WORLD Cuba rejects latest US "political maneuver" on suspended law


Cuba rejects latest US "political maneuver" on suspended law


13:06, January 18, 2019


Cuban President Miguel Diaz-Canel. (File photo: VCG)

HAVANA, JAN. 17 (Xinhua) -- Cuban President Miguel Diaz-Canel on Thursday rejected what he called the latest "provocation" by the United States, which aims to bolster legal action against Cuban nationalization of property.

"We vehemently reject this new interventionist provocation which violates international law. The US government is showing its contempt for the rest of the world," Diaz-Canel said via Twitter.
On Wednesday, US Secretary of State Mike Pompeo said the United States is considering implementing a law suspended since its creation in 1996, which would allow US citizens to sue foreign companies or individuals over property seized from them by the Cuban government.
The so-called Title III rule forms part of the Helms-Burton Act, which codified all US sanctions against Cuba into law 23 years ago.
It has been waived by every president ever since, Democrats and Republicans alike, including Donald Trump, due to opposition from the international community.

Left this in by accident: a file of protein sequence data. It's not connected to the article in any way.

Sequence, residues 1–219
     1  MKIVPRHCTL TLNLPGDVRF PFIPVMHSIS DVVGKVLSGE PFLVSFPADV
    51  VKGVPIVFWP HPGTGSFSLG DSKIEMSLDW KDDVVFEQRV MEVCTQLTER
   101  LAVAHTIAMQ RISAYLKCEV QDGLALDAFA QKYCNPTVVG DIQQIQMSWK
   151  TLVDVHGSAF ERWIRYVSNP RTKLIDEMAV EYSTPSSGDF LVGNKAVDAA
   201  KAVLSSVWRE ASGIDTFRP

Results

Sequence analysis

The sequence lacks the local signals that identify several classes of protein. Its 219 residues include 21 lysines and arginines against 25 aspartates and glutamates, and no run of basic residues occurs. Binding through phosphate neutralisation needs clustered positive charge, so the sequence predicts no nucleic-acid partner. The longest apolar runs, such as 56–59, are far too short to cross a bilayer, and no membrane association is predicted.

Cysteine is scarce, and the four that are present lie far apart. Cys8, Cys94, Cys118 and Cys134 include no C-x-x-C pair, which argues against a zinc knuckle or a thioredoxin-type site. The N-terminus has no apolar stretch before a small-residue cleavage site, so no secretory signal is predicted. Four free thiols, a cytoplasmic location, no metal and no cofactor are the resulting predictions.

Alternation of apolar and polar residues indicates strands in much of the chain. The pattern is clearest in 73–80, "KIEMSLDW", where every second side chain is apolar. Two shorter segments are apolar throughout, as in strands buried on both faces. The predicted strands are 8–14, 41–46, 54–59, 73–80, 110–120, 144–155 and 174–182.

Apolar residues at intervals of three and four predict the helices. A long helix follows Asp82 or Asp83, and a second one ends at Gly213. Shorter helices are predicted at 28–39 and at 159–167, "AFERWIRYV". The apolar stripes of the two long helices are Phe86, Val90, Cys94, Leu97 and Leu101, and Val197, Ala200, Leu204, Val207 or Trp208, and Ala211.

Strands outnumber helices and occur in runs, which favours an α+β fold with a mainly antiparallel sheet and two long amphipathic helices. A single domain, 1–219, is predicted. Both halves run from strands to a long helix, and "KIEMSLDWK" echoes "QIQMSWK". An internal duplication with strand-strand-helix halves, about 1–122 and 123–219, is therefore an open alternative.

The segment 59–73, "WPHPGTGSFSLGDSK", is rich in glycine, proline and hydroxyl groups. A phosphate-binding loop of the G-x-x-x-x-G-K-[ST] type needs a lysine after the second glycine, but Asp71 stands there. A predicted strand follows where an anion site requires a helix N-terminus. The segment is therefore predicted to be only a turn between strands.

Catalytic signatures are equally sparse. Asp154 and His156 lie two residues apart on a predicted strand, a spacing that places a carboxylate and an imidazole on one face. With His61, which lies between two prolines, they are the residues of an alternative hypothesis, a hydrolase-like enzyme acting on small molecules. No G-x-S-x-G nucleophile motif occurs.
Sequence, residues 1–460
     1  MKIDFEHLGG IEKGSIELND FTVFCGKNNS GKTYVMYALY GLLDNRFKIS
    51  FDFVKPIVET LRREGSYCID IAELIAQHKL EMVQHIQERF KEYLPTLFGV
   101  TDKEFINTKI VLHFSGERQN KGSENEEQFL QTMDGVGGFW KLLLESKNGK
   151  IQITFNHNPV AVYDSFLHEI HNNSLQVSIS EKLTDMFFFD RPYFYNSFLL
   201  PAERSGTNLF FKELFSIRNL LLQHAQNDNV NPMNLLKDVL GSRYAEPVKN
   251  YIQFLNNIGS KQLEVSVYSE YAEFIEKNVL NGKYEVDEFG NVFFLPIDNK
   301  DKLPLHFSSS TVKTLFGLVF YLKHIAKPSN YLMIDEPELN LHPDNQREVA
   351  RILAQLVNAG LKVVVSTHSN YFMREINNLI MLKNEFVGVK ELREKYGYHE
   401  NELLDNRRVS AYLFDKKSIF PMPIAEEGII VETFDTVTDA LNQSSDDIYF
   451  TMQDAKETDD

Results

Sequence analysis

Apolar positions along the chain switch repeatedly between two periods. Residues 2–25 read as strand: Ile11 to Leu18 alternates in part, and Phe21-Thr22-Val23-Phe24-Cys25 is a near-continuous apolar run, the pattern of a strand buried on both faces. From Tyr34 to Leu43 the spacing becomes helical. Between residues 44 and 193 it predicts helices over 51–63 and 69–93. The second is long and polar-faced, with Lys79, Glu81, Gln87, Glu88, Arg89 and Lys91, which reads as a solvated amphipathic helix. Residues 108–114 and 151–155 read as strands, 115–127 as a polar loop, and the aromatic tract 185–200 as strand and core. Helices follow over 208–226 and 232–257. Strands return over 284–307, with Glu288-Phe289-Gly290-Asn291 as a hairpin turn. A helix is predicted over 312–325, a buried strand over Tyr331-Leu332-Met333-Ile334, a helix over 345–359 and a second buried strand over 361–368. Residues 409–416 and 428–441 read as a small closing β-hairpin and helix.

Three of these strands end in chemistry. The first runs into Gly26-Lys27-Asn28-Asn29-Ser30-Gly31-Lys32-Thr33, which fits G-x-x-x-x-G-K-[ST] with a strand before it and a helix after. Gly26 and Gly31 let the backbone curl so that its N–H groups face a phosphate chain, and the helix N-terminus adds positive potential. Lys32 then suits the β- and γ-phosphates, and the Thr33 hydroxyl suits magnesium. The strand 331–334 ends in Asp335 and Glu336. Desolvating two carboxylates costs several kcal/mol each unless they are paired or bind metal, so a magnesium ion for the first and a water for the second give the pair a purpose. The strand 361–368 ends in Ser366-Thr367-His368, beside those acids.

However, Trump administration on Wednesday suspended it for a period of just 45 days rather than the customary six months, saying it wanted to take a fresh look at allowing it to go into effect.
Cuba's Ministry of Foreign Affairs on Thursday condemned Washington's recent "political maneuver," saying "Cuba strongly rejects the threat to activate the law."
Cuban Foreign Affairs Minister Bruno Rodriguez said "the Helms-Burton Act is illegal, inapplicable and void of any value or legal effect."
The provision within the Helms-Burton Act could potentially mire Cuba in the courts by allowing Cubans who fled the island following the 1959 Revolution and settled in the United States to claim rights to properties nationalized decades ago.
If Title III were to take effect, it would likely dash foreign investment that Cuba has been seeking to further develop its economy.
"Among the main objectives of the Helms-Burton Act has been to hamper Cuba's economic, commercial and financial relations with third countries and affect its ability to attract direct investment of foreign capital for its development," the ministry said.

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